The -valvesior controls-'43 are 'operatedas desired and when any one'of-the control valvesis open, there is a flow of-supplemental air-from the interiorof the .wing to the boundary layer of-air atrthe exterior of the wing, thus building up the energy inthe boundary layer Under normalconditions several or in-fact all of -the controls may be opened so-thatthere-is-a general, possibly a uniform, discharge of supplemental air into the boundary layer throughout the entire.- .portion of the wing constructed as provided by'the invention with the result that the aerodynamic effect of the wing is ;.changed to gain an increased lift. In other words, the -elfectivei'air foil of the-wing is altered. I j t j As the energy'of the boundary'layer of air at'the exterior of the wing. .is built up or supplemented by the I additional air within the wingthe effective action orlift of the wing is increased, this being particularly true insofar as the top-ofthewing is-concerned. In thecase of an'ordinary or a normalwingthere isthe boundary layer'ofi air at the lower side or bottom of the; wing that formsa cushion of air against which'the upwardly acting air-:exerts'ipressuretogeffectlift. With the wingfforma' tion as shown-and with the supplemental-air added to the boundary layer, there is a flow or turbulence of air outward of the boundary layer at the lower side of the wing exerting'lathrust :in' a forward direction as will be apparent from a consideration'of-Fig. 8 of thedrawings.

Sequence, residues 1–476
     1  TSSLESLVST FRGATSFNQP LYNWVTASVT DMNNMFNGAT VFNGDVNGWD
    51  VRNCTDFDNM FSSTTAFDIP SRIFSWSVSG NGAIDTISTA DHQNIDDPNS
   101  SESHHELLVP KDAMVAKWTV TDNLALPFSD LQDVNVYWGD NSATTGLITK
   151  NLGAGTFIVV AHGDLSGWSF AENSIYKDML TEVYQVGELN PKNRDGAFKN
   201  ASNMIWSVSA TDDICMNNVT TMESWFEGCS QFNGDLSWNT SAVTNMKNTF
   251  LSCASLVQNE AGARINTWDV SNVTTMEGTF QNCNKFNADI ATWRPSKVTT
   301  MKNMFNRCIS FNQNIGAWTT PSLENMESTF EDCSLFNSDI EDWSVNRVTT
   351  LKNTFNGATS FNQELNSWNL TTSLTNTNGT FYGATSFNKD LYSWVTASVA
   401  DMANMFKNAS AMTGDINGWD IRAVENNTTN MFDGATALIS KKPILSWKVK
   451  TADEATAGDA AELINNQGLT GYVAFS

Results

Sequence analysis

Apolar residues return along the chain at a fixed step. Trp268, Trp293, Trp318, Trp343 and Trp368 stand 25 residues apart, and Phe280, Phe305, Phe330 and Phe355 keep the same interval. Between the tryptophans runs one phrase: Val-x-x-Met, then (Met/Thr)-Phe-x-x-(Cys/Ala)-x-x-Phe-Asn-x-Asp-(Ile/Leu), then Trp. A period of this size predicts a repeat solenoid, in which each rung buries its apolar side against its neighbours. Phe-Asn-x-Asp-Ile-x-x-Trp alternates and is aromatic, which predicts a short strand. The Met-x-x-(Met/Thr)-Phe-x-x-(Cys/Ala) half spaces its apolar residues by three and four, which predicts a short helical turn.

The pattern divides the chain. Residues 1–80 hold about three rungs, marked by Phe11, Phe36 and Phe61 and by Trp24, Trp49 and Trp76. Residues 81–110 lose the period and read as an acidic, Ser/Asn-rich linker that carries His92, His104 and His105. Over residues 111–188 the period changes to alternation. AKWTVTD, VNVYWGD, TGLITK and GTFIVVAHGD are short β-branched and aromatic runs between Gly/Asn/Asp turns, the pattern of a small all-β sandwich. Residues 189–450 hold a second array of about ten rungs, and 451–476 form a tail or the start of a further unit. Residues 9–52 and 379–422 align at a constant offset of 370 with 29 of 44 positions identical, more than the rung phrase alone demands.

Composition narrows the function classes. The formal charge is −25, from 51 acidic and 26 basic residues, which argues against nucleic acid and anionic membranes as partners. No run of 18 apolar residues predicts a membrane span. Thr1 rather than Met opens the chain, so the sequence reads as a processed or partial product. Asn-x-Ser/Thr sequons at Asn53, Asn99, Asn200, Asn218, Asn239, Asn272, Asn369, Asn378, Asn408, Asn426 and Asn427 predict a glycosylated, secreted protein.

. The nozzles 26 in the wing section shown'in Fig. 8 may be operable to'providewarious desired results. i For example,,'when thenozzlesinthe-top' portion of "the wing are openythe air flow iskept-even across the upper surface of the wing, "even-at higli-angles of attack. The nozzles, in the loWer'surface'of-the' wing will--also keep the air flow'evenalong'saidsurface to prevent creating a vacuum condition which wouldtend'to increase the effective drag. I